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Don't shoot the messenger

A recent advert run by Sainsburys caused an outcry among artists.

Ronnie and Claude (sounding suspiciously like Bonnie and Clyde!!) from the Camden branch had a brainstorming session in which they thought about ways to cheer up their work canteen. Enlisting the help of an artist (for free) was clearly the winner, given the advert they placed in a newspaper.

For those of you who haven’t seen this advert go here to see why so many artists were upset.

Personally, although not a Christian, I am of the

‘Let he who has never made a mistake, cast the first stone' brigade.

I’d be very keen to do a survey of all the artists up in arms over this, asking them three simple questions:

1. Have you ever done an art gig for free?

2. For exposure?

3. Or for very little pay?

I'd be the first to put up my hand and say...I have....

This is my story.

Years ago I was approached by a local school to make a book for a prominent news reader who was going to be acting as the MC for their school fundraiser. The brief was:

Please make this person a book with the children’s art work. We’ll present it to him at the end of the night. Because of who he is, it will give your work exposure at TVNZ.

Oh. And we’ll pay you $95.

It was too good to be true! $95 AND exposure. So I hastily set to work and changed the brief to a more complex book idea - after all this was going to Mr X, well known in TV land - not to mention I was being paid $95.

So I made a book to look like a TV. It took approximately TWO weeks and TWO trips into the school, as my other idea was to get the children to draw pictures of this well known TV celebrity. They also had to write on their pictures: If I was Mr X I’d…….

The pictures and sayings were gorgeous. So I set to work and made this amazing book that really did look like an old fashioned TV. It was handed over, I got my $95 and watched eagerly the next time he was on TV after the school fund raiser. And there he was WITH MY TV BOOK IN HIS HANDS. ON TV. The real tv not one made to look like a book. And do you know what he said? He said (as he waved it around looking so pleased and excited):…..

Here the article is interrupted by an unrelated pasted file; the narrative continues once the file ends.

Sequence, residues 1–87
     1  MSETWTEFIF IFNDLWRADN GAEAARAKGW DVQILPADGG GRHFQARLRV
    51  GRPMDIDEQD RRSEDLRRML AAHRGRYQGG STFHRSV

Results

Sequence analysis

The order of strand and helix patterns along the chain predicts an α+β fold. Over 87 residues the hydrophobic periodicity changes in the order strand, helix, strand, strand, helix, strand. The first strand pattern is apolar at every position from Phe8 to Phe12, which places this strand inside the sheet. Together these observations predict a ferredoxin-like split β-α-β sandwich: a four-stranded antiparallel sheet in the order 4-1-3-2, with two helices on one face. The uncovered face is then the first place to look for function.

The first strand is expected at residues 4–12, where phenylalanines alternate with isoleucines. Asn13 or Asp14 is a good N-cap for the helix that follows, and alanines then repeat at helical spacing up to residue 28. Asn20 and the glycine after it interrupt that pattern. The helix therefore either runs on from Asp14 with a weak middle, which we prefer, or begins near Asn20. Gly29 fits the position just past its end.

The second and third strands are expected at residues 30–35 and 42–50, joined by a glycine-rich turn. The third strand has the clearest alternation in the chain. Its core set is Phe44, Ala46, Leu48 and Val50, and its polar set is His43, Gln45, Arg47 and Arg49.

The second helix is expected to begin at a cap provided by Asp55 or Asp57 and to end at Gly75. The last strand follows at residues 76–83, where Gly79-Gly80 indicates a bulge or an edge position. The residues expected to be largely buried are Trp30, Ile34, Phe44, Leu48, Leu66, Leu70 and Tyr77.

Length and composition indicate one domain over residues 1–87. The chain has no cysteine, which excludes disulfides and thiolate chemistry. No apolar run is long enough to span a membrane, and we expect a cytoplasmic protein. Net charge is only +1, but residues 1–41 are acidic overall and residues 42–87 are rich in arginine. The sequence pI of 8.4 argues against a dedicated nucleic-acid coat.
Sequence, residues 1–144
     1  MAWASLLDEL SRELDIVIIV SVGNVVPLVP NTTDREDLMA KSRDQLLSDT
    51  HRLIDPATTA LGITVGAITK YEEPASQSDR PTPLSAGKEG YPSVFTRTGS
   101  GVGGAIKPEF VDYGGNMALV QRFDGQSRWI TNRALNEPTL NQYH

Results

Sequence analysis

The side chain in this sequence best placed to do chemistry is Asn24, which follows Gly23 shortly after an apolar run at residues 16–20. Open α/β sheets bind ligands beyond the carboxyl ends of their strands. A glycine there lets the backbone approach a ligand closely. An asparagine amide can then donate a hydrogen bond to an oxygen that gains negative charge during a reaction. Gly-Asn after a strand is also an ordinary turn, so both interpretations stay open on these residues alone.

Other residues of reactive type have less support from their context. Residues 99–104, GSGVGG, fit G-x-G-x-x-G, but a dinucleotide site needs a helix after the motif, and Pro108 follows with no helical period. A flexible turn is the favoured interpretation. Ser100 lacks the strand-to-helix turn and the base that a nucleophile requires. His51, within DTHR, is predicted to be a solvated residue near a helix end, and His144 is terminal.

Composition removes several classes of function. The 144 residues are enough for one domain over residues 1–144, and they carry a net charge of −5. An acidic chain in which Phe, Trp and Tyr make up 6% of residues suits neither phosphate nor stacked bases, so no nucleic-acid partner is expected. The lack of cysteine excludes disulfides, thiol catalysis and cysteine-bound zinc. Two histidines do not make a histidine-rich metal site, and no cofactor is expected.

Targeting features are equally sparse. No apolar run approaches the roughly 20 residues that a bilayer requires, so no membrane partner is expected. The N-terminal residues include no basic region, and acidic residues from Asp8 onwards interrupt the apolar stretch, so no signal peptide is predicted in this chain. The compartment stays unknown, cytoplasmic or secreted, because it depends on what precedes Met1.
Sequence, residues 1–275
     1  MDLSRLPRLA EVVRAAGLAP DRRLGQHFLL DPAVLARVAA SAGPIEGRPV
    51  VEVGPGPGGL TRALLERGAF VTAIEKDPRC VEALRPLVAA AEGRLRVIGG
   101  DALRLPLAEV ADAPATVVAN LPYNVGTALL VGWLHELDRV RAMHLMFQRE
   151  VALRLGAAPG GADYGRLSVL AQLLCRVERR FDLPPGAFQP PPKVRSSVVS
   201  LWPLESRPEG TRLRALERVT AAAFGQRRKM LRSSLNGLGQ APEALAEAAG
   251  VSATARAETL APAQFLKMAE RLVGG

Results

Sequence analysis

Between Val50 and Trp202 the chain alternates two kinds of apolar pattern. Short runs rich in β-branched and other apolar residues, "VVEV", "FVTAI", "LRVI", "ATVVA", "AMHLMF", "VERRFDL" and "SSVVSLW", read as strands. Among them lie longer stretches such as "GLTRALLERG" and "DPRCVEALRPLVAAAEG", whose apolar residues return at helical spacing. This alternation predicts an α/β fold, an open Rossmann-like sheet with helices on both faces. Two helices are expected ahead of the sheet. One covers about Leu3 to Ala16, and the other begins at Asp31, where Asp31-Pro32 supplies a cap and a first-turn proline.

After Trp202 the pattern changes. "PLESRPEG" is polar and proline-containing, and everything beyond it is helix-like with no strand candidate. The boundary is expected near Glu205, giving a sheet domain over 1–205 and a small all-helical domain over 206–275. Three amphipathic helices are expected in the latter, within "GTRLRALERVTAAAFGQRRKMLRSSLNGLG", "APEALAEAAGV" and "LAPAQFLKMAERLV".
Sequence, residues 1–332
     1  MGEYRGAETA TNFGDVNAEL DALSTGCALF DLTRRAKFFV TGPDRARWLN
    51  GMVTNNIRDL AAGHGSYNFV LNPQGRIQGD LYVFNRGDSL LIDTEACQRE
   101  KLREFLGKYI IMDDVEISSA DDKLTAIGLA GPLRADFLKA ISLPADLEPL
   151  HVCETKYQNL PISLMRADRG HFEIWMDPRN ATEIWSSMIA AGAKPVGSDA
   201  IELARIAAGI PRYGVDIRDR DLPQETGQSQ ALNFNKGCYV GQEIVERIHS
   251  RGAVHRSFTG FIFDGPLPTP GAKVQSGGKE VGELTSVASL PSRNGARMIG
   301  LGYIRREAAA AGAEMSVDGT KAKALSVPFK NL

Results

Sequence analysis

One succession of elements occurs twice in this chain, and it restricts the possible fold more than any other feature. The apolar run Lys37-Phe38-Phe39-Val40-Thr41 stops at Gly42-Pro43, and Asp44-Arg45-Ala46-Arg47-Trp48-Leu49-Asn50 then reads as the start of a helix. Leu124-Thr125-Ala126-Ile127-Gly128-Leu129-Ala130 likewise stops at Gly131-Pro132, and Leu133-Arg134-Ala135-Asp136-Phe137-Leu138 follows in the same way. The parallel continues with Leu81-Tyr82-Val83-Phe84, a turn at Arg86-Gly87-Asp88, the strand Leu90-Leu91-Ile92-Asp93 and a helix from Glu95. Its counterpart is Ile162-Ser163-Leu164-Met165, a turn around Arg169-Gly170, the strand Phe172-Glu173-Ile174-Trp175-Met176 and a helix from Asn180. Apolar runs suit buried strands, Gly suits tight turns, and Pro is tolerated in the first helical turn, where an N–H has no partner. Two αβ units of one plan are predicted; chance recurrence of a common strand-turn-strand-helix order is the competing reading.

“Look what the children at [name of school] made for me!! “

WHAT?!! I nearly FELL OFF MY CHAIR. It made it sound like the children had made the book.

Did I get a mention? NO

Did it result in any further work? NO (unless you count the school contacting me a year later and asking me to do it again).

Would I ever do that again NO NO NO.

But can I blame the school for my choice? ABSOLUTELY not.

There is always a system and to take one side of it without considering the other is both unfair and unreasonable.

I do know what it’s like to be a starving, desperate artist. In some ways, it’s almost like a right of passage. NOT that I’m advocating it. But here’s what I learnt from it:

  1. It made me creative as I had to create from things found on the road, given to me, rubbish, and make do with what I had.

  2. As a consequence of the lesson gained from the TV book, I got to feel what it felt like to devalue MYSELF. I have since been in many situations where I’ve valued myself and my work and man the difference is un-be-liev-able but I had to be the one to take that step.

  3. Exposure does not pay your rent. Exposure does not pay for your food. Exposure does not pay for you to put petrol in your car. In short. Exposure does not allow for you to live.

  4. I am my own worst enemy when it comes to taking on jobs that make me resent myself.

  5. I have the power to say yes and to say no to jobs. And I’m better at saying no these days for all the times I said yes then realised the consquences.

So I would say to Connie and Claude, you opened a can of worms. Indeed. But, it wasn’t out of spite, it wasn’t intentional to devalue an artist. It was naive and at the end of the day you said you wanted to create a space that cheered everyone up so your hearts were clearly in the right place. And in a cack handed way you raised an issue that most artists face at some time in their career, giving them the opportunity to address it for themselves. I know what's it's like to feel desperate and when you do you make poor choices.

I want to finish up by giving a shout out to Cory Huff who is a champion at helping artists leave behind the starving artist persona and aspire to be an abundant artist. He’s written a book about it, provides lots of free information and runs excellent paid courses for artists wanting to raise the bar. He knows his stuff - so my point is this: in this day and age with people like Cory around there’s no need for us to devalue ourselves as artists. We just need to be creative about how to find our ideal customers, present ourselves as professionals and produce quality art work. We need to learn how to support ourselves respectfully while we build our art practices and there is a tonne of information available on how to do this.

If you have a story where you devalued yourself and your art - I’d love to hear what you to learnt from it!!

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